You know the brief: the "challenge" to overcome is the organization’s habit of maiming and killing its best employees. The challenge is a series of lab reports on the battered brains of its past practitioners. The challenge is a major motion picture, bluntly titled "Concussion," released a few weeks before the organization’s biggest event.
It’s a tough brief, but it’s not an impossible one. You could turn your marketing efforts over to God.
During the 2016 Super Bowl, God’s work was on TV in all its power and glory.
We repeatedly saw commercials of children — precious, little, smiling — who, but for the Super Bowl, might never have been born. Football is the Creator, the life-giver, God, and the NFL is its one true and only church. (In fairness, the NFL should share the claim with Budweiser.) The commercials might have been regarded as sly and wry, and allowed to pass by, until the tagline burned up on the screen: "Football is family."
Is it? Maybe it depends on the family you talk to. What do the grandchildren of Ken Stabler say? What does the daughter of Junior Seau say, when she says what she wouldn’t say at her father’s posthumous induction in Canton at the league’s holiest shrine? What do the children of Joe Montana say, when their father tells them his hands, elbow and knees hurt too much for him to go skiing with them?
Before kickoff, we saw Montana walk to the center of the field for the coin toss, and the nation held its breath and hoped: not that Montana would look as young and golden and lithe as he once did, but that he would be able to walk without limping.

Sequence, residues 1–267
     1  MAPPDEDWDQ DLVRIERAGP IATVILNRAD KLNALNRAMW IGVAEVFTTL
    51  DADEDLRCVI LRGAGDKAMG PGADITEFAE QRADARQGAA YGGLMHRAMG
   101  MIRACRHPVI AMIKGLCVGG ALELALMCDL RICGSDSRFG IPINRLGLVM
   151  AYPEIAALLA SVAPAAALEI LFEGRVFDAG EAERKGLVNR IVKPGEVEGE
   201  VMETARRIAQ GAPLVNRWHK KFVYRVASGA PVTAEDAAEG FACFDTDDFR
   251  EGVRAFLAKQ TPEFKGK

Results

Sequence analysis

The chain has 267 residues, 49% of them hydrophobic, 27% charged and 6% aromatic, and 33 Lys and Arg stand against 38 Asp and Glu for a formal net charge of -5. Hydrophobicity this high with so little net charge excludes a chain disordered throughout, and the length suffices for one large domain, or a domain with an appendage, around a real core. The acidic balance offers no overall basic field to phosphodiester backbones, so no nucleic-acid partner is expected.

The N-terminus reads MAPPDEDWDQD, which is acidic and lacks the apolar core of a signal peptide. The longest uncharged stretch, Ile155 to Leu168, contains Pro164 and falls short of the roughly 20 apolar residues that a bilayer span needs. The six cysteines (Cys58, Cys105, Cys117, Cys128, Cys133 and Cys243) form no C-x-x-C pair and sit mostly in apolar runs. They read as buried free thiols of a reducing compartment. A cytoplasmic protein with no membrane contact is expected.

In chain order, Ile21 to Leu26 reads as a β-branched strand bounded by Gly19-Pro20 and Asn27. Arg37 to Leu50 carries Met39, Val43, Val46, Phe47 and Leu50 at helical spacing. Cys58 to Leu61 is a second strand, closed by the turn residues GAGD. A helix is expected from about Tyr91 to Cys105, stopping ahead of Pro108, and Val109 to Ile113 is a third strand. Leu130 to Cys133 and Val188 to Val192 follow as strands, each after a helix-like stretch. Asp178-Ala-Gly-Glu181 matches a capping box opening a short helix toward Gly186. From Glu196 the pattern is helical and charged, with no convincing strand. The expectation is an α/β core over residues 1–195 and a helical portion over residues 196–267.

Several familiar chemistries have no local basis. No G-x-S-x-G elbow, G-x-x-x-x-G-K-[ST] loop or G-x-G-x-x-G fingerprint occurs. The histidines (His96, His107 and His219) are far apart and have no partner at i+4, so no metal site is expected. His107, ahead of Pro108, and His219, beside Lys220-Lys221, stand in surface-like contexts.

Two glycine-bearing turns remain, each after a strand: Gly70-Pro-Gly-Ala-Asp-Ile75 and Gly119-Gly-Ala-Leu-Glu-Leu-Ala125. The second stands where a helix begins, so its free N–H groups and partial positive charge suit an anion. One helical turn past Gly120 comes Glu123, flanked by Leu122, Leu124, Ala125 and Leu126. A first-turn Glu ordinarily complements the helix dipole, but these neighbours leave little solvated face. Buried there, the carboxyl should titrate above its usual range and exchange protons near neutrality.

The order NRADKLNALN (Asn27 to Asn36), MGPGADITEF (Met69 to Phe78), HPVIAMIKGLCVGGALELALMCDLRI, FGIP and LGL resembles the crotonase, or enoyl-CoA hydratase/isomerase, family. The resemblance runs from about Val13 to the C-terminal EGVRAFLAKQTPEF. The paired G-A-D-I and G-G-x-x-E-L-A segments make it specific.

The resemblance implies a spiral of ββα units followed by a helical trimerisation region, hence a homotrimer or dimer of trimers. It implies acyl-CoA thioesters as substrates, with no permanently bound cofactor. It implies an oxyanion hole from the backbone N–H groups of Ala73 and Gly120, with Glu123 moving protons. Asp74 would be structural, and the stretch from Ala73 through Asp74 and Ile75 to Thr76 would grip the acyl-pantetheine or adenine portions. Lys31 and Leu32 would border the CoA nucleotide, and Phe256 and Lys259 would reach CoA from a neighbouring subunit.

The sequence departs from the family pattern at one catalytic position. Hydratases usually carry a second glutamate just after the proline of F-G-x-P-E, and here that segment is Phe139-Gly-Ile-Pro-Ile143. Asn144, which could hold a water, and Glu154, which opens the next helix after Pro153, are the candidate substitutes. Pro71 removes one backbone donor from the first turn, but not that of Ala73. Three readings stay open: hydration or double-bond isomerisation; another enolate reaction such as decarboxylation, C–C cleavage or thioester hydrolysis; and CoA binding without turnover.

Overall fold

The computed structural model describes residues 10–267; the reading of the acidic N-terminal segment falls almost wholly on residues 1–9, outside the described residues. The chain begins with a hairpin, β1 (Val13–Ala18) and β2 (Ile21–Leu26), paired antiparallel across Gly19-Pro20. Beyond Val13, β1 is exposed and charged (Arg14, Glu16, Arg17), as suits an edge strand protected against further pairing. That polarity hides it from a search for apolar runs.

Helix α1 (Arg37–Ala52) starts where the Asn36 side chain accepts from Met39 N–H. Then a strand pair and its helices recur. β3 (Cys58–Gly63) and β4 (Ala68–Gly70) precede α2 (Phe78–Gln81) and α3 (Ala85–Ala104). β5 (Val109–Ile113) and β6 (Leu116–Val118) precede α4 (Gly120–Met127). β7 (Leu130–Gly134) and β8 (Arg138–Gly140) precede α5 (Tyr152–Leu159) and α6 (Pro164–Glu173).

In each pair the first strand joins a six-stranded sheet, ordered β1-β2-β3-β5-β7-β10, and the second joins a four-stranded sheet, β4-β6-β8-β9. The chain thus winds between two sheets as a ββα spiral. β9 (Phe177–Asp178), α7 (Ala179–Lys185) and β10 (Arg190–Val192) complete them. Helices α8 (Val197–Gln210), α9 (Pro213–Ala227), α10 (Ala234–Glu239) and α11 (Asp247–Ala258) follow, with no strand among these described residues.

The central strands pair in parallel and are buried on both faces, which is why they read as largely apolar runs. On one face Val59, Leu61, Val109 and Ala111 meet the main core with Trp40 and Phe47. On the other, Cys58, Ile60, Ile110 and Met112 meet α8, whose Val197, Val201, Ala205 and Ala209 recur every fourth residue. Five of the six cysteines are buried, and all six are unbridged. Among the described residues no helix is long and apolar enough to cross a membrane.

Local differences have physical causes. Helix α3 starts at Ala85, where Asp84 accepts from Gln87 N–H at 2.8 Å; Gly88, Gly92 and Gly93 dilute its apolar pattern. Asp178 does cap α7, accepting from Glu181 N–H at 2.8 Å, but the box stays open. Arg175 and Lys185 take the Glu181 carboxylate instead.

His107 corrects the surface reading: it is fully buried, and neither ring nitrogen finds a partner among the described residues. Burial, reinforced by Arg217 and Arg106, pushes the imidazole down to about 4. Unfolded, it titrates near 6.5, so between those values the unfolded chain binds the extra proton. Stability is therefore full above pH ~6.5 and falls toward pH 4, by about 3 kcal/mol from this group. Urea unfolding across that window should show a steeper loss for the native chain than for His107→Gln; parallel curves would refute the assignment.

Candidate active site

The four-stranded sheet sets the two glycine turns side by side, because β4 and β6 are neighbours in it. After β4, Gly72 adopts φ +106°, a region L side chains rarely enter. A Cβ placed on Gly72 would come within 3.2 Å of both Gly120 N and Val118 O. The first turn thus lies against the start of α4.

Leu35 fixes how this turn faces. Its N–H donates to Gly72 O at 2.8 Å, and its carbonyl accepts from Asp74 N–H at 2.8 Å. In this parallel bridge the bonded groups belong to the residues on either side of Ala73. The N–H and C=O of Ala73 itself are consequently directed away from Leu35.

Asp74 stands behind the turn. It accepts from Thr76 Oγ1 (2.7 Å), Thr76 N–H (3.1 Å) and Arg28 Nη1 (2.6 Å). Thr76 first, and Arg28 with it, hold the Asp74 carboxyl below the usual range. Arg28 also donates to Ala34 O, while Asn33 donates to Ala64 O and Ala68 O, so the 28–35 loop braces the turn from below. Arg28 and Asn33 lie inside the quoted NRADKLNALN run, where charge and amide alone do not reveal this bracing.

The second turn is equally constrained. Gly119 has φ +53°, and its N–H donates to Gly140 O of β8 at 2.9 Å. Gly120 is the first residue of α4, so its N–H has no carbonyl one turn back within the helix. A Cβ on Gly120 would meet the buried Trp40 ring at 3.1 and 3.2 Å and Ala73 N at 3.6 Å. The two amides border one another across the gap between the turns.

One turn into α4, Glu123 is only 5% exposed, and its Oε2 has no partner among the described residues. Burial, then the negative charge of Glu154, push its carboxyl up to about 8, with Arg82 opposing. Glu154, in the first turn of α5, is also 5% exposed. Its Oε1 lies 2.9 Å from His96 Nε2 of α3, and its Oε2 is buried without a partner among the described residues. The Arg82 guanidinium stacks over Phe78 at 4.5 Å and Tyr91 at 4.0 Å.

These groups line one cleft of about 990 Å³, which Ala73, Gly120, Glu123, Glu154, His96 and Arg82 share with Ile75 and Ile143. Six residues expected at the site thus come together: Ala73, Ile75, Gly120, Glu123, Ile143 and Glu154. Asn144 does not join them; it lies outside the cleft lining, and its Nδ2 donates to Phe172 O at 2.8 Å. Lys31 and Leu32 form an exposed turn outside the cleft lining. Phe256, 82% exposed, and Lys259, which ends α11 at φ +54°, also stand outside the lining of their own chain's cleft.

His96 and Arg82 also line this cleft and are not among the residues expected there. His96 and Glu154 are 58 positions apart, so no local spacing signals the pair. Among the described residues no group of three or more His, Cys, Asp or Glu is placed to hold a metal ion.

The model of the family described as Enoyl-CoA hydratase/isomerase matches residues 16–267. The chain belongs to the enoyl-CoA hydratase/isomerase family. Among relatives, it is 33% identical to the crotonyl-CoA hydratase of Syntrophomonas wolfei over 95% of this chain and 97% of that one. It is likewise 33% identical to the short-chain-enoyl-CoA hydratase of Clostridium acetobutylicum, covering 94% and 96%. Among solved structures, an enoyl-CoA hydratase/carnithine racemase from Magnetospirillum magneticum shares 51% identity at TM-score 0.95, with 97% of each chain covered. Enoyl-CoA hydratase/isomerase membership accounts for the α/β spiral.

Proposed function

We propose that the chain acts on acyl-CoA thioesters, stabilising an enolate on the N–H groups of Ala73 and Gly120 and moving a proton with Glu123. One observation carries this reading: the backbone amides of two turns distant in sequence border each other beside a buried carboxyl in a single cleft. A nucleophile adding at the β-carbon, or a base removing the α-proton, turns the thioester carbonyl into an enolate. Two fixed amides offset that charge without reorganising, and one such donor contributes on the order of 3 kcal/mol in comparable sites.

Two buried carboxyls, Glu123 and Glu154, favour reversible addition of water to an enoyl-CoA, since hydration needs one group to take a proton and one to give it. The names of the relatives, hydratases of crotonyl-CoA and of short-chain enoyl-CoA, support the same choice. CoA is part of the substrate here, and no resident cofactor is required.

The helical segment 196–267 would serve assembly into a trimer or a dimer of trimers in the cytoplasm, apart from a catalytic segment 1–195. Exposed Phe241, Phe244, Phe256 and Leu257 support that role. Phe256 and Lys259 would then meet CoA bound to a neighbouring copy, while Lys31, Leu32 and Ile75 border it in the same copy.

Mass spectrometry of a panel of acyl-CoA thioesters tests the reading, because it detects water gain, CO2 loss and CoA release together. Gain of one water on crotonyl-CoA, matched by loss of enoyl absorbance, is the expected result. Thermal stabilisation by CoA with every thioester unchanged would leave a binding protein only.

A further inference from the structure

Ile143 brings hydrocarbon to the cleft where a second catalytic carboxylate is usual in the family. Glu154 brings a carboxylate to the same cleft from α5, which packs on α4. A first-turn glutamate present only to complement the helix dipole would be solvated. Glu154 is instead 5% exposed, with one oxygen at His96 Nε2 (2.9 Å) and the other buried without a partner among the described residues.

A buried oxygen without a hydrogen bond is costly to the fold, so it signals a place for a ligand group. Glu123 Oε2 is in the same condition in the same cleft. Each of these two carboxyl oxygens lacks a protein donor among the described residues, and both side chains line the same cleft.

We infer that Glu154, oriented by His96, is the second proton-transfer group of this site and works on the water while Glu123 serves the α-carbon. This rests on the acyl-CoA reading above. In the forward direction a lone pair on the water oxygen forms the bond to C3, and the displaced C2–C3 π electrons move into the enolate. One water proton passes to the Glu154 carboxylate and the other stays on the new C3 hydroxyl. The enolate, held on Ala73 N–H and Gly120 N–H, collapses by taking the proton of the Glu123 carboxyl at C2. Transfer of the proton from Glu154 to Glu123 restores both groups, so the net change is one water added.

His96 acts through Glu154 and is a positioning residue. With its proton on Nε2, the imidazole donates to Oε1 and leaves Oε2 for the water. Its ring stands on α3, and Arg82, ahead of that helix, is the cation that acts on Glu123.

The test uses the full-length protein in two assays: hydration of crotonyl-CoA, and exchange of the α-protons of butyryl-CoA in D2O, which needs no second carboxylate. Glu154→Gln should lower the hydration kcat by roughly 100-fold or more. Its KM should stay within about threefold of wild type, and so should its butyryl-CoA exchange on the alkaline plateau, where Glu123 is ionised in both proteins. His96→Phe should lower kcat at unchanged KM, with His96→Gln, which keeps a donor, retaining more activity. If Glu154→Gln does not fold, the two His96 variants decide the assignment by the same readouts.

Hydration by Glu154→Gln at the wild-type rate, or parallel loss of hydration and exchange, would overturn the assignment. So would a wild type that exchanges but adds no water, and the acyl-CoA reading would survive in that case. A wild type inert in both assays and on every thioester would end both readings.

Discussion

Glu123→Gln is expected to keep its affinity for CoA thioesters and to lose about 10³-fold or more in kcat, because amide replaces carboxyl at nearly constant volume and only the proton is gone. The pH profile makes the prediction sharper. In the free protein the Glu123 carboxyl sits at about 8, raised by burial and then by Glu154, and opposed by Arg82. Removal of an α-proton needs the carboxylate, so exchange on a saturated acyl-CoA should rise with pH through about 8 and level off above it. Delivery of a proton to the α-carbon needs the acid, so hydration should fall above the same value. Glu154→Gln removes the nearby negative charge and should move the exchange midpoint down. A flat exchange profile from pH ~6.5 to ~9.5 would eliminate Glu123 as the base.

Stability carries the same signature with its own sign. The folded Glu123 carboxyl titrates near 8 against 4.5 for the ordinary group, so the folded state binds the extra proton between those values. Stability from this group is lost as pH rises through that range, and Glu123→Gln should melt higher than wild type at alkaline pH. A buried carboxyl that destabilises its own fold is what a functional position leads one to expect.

The church managed the ritual presentation of past Super Bowls with ruthless precision. When, for a brief moment, one of the heroes appeared with a cane, the broadcast switched to another camera, which kept the cane well out of the frame.
The church feels justified, no doubt. It is under attack from infidels and unbelievers. Dissent is open. Reformers raise their voices. Church pronouncements on science meet with scorn, and ridicule. So the NFL does what every great church does in a crisis: it grows strict and intolerant, and it turns to mystery and marketing. This was shrewd of the NFL, but not quite shrewd enough.
"Football is family." The church would like us to turn away from the broken families and stare upon the Manning Family, bright, fecund and happy. The broadcast camera kept cutting to this blessed skybox, where they shone. Even the CBS announcers, after praising Peyton Manning as a model of virtue and humility, felt compelled to add: he "really loves football."
And — this is easy, feel free to play along — when the great choir kicked in at half time, you were humbled by the spectacle, overcome with awe, ready to renounce all doubts. You knew that when the Rapture comes, it will look like this.
It all might have worked, too. While it was clever and cunning, it wasn’t clever or cunning enough. Because when the words that were written in the brief broke into the open field for all to see, when "Football is family" appeared in type on the screen, the crudeness and cynicism of the intention was exposed. Mystery and emotion fell away, and every sinner was practically invited to argue with the great claim. As every marketer knows, a tagline shouldn’t invite the world to pick a fight with it. God is a mighty marketer, but not an infallible one.
Steve Simpson is Ogilvy & Mather's chief creative officer, North America.